# Substitution of green systems for destructive ones
# Mitigation reversing our thoughtless abuse
Yes, the bare radiative effects of a doubling of CO2, leaving all else equal (i.e. not allowing feedbacks to kick in) is around 1.2 degrees C.
If other conditions are allowed to change as a result, we get all kinds of positive and negative feedbacks, where the former dominate according to both theory and measurements, to a total effect of ~3 (+/- 1) deg C. The difference between 1.2 and 3 (or whatever the “true” number is) is indeed contributed by the net feedback. The uncertainty in climate sensitivity is primarily in the strength of these feedbacks.
I agree that your five fold way is way better than a false dichotomy leading to a false dilemma. More generally, I always find myself in agreement when you offer a finer grained to think about problems.
What does not work is to say something like:
> What Hansen advocated in 2000 is not enough now because we wasted 10 years. This is a problem with major procrastination penalties, something Paul has not come to grips with yet.
This antagonizes Paul for no constructive reasons. It might be fair to use “penalty” when he’s using “punitive”, but the mind probing that follows is certainly not. Surreptitiously introducing quantified reasoning does not help either.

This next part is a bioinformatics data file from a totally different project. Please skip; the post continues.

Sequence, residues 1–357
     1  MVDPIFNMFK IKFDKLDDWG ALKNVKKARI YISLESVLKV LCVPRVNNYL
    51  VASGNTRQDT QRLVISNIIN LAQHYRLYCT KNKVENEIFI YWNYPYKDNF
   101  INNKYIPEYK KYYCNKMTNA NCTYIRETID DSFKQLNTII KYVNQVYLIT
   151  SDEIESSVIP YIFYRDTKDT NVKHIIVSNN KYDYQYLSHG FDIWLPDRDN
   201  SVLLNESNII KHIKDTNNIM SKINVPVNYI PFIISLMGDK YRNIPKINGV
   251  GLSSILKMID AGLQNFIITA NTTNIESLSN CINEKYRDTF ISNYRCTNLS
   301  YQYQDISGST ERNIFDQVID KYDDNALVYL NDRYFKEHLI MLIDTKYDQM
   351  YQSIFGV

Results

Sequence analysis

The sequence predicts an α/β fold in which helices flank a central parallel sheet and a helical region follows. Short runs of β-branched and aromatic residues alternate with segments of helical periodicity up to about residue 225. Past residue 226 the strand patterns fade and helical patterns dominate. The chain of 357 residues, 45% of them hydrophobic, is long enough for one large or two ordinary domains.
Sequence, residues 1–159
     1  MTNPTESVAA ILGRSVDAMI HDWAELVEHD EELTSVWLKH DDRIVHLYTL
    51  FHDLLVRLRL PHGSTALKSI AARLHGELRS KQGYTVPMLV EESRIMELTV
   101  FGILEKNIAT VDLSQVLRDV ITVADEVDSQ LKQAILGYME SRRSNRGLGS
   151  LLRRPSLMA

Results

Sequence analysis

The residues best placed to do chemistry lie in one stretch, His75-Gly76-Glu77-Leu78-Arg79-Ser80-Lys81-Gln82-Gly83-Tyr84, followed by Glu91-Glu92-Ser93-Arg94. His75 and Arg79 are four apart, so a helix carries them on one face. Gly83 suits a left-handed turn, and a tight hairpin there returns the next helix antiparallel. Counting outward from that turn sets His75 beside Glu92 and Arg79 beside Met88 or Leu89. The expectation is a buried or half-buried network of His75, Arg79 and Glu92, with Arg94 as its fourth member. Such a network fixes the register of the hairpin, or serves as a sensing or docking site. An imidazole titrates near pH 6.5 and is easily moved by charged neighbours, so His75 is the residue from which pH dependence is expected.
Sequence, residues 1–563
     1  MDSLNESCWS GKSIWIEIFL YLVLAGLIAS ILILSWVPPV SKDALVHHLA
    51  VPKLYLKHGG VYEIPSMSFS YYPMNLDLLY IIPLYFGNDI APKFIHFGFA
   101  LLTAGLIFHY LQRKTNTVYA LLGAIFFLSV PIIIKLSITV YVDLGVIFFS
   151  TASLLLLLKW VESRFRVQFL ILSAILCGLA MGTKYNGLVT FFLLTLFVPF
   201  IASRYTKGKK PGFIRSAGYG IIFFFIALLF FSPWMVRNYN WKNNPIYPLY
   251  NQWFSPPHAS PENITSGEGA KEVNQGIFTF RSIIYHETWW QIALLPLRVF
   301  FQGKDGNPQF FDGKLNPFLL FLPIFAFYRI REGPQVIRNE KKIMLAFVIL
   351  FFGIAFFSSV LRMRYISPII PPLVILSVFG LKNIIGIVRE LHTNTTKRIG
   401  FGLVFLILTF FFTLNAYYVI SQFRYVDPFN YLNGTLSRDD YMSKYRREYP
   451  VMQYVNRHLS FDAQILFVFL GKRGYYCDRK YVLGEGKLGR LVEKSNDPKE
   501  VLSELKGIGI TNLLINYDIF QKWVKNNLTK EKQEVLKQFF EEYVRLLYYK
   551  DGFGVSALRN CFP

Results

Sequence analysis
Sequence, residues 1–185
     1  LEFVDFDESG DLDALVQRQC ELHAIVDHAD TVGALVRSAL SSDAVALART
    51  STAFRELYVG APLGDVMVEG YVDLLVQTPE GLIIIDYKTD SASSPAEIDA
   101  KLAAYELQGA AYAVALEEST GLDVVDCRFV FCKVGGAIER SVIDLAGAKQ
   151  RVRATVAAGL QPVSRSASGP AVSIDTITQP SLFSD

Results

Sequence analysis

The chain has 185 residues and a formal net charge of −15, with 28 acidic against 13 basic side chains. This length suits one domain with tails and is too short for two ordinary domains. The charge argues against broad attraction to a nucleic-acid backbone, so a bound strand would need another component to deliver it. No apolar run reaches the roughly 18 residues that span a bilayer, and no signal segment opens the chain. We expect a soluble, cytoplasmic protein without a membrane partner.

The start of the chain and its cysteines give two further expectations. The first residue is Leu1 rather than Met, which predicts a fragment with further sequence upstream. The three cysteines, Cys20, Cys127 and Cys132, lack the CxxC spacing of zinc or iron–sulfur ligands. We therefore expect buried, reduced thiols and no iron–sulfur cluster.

If you think Paul does not understand some concepts, then explain them to him. If you think Paul does need to take some calculations into consideration, show the numbers. If you think Paul has said something that deserves to be refuted, quote him. If you and him agree with what Hansen were saying ten years ago, there are fair chances you can reach an agreement with Paul.
If you want to talk to Paul, try to talk to him. Ignoring Paul is way better than snubbing him.
The other things first approach is the opposite of time wasting. It is the science based strategy that, in fact, offsets the true procrastination penalties incurred while waiting for the Lords of Cancun.
You do turn a phrase and “mitigation is really substitution” describes my position well. I’m not an adaptation advocate and see conservation and efficiencies as part of the substitution process.
The key thing to remember is the approach you can expect.
Reduce soot, methane, and fluorocarbon — short term relief from immediate increase in warming. Then the argument will go there’s no need to make serious longterm cuts in persistent greenhouse gases, or shift investment to non-fossil-fuel energy sources, because we have put the problem off — we have “peace in our time” and the future can take care of itself.
The idea is that cuts in persistent greenhouse gases will be made through a social process rather than a political one. Reducing soot, methane, and fluorocarbon will give both short term and long term relief. When a source of these short lived forcings is eliminated, it is eliminating for good.
I think what Hank is getting at could be a real risk indeed: short term success (diminishing the warming) at the cost of long term success. Esp with the current political climate I deem that more likely than that short term success paves the road for long term success.